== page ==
September 2018 is National Drug-Free Pain Management Awareness Month, a designation championed by the Foundation for Chiropractic Progress (F4CP) to raise public awareness about the dangers of prescription and over-the-counter pain medications, and to educate and inform consumers, health care professionals, and patient referral sources about non-pharmacologic options to safely and effectively relieve acute, subacute and chronic pain. It’s a compliment to the latest push to curb the devastating effects of the opioid epidemic, which takes tens of thousands of lives each year.

But some suffering from acute or chronic pain are feeling left in the lurch.

Opioid painkillers are the most abused prescription drugs in the country, according to the National Study on Drug Use and Health. In 2016, opioids killed more than 42,000 people in the United States – an average of 115 opioid overdose deaths each day, according to the Centers for Disease Control and Prevention (CDC). The number of opioid prescriptions dispensed by doctors increased in step with more than 112 million prescriptions written in 1992 to 282 million in 2012, according to the market research firm IMS Health. The fight against opioid abuse helped drop that number to 236 million in 2016.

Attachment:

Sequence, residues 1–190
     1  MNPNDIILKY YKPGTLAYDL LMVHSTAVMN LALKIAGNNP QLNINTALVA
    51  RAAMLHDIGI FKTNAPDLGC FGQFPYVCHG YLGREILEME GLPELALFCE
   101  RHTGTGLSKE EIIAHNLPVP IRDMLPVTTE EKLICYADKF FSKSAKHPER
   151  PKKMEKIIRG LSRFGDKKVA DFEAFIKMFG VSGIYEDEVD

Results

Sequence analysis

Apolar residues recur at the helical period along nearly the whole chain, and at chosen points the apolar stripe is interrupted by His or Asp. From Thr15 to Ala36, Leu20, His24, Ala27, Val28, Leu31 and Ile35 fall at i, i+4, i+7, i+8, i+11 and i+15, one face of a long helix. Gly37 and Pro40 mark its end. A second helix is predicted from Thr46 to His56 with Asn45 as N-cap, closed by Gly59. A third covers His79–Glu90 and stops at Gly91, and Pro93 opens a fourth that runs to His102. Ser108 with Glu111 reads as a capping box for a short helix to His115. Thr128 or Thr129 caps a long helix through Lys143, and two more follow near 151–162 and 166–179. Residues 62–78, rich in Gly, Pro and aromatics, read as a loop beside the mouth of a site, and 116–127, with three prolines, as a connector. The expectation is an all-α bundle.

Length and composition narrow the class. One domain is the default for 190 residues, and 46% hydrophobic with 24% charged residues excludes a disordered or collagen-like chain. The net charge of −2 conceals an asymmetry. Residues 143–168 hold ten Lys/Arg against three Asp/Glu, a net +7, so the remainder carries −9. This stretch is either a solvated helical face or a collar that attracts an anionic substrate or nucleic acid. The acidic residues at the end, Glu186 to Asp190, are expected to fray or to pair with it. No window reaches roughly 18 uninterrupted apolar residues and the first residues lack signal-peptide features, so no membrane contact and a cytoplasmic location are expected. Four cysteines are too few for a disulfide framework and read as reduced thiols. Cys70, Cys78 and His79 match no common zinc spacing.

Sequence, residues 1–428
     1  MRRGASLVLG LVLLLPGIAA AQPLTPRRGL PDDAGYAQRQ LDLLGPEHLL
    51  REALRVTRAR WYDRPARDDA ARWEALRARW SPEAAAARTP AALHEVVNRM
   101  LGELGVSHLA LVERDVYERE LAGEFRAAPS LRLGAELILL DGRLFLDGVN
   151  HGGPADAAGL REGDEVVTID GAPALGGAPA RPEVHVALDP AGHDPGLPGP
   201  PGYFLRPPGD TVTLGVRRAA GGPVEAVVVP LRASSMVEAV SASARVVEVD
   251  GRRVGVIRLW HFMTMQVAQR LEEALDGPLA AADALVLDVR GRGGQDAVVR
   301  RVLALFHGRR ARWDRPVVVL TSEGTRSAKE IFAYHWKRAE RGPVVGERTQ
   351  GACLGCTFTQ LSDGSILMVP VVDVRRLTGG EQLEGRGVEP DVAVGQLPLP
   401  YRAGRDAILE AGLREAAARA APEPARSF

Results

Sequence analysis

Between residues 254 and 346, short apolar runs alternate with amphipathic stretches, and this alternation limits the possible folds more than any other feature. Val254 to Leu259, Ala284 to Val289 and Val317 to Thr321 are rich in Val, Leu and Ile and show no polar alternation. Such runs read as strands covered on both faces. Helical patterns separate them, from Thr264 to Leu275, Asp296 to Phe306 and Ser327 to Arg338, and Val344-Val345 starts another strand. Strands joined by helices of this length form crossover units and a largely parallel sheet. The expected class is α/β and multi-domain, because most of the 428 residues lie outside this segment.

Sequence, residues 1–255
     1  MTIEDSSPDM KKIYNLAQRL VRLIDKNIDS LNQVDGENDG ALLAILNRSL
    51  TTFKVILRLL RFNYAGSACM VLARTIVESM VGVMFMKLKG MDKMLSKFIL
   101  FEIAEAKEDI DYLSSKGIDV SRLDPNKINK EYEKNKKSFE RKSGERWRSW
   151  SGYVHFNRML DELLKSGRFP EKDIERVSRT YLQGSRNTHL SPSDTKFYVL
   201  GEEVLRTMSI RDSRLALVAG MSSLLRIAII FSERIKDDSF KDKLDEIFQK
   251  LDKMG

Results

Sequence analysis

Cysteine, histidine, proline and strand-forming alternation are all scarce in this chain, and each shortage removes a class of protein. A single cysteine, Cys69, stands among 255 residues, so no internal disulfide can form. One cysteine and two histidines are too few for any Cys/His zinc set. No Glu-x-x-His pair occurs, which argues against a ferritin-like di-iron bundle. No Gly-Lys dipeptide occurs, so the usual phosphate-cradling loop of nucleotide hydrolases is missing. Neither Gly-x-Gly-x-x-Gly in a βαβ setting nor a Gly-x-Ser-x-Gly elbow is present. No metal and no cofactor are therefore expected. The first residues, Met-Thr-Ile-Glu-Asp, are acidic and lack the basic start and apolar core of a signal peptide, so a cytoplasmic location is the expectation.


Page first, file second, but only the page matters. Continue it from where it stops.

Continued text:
The opioid crisis has grown substantially in the past decade, fueled by drug companies that pour these powerful painkillers into the health care system that misled the public about the safety of these drugs, how they can cause dependence, addiction and overdose. Some opioid manufacturers even promoted the drugs for off-label uses in order to increase their own profits.

Fighting the opioid epidemic

But the people and the government are fighting back. Not only are individuals filing lawsuits against these powerful drug companies holding them accountable for their loved ones’ addiction and death, several local governments across the country are suing opioid manufacturers, distributors and pharmacies for their increased economic burden and ongoing significant financial burdens caused by the opioid epidemic. Many of the lawsuits filed by cities, counties and states across the country have been consolidated into a multidistrict litigation (MDL).

In July 2017, President Donald Trump declared the opioid epidemic a national public health emergency and, six months later, Attorney General Jeff Sessions announced a new opioid initiative to support jurisdictions that have filed lawsuits against prescription drug makers and distributors. In 2016, the CDC published guidelines for prescribing opioids to patients with chronic pain, and offered recommendations in lieu of opioids including prescribing over-the-counter painkillers and other alternatives such as exercise and behavioral treatments.

In more recent months, some states like Michigan, Florida and Tennessee have significantly reduced the amount of opioids that doctors are allowed to prescribe to patients in an attempt to curb the number of people who are or will become addicted to the painkillers.

Patients left behind